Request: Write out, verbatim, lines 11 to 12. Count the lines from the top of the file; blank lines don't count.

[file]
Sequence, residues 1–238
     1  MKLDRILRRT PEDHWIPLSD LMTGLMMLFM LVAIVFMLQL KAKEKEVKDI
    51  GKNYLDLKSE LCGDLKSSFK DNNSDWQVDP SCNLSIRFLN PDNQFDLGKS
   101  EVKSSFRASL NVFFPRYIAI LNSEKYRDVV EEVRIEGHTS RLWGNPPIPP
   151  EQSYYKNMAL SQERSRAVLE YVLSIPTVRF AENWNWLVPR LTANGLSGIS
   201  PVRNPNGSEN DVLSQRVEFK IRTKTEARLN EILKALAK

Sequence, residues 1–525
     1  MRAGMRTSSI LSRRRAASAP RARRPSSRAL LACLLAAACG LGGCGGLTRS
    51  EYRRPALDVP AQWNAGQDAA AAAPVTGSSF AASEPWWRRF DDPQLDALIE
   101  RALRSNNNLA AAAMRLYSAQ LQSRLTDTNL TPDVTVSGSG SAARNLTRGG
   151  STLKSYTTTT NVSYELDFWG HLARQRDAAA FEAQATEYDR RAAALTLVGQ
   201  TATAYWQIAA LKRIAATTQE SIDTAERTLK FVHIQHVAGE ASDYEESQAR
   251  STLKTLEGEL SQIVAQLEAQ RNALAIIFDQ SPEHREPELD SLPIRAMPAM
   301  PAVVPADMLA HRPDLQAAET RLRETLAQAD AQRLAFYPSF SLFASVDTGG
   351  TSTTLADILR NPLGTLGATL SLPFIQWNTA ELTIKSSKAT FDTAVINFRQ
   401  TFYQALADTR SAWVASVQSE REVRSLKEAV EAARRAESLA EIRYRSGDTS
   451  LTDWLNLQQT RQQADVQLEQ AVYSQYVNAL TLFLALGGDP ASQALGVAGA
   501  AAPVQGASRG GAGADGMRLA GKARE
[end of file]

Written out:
   151  STLKSYTTTT NVSYELDFWG HLARQRDAAA FEAQATEYDR RAAALTLVGQ
   201  TATAYWQIAA LKRIAATTQE SIDTAERTLK FVHIQHVAGE ASDYEESQAR